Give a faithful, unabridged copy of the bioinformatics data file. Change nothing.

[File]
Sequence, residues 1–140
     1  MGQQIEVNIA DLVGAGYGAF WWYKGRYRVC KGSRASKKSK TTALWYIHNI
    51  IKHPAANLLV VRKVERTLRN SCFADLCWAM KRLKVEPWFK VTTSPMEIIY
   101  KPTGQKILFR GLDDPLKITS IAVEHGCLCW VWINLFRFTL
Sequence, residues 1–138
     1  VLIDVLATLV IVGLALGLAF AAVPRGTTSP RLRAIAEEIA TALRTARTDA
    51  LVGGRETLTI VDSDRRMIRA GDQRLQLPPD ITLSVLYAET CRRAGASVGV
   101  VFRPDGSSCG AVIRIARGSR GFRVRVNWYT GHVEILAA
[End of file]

Sequence, residues 1–140
     1  MGQQIEVNIA DLVGAGYGAF WWYKGRYRVC KGSRASKKSK TTALWYIHNI
    51  IKHPAANLLV VRKVERTLRN SCFADLCWAM KRLKVEPWFK VTTSPMEIIY
   101  KPTGQKILFR GLDDPLKITS IAVEHGCLCW VWINLFRFTL
Sequence, residues 1–138
     1  VLIDVLATLV IVGLALGLAF AAVPRGTTSP RLRAIAEEIA TALRTARTDA
    51  LVGGRETLTI VDSDRRMIRA GDQRLQLPPD ITLSVLYAET CRRAGASVGV
   101  VFRPDGSSCG AVIRIARGSR GFRVRVNWYT GHVEILAA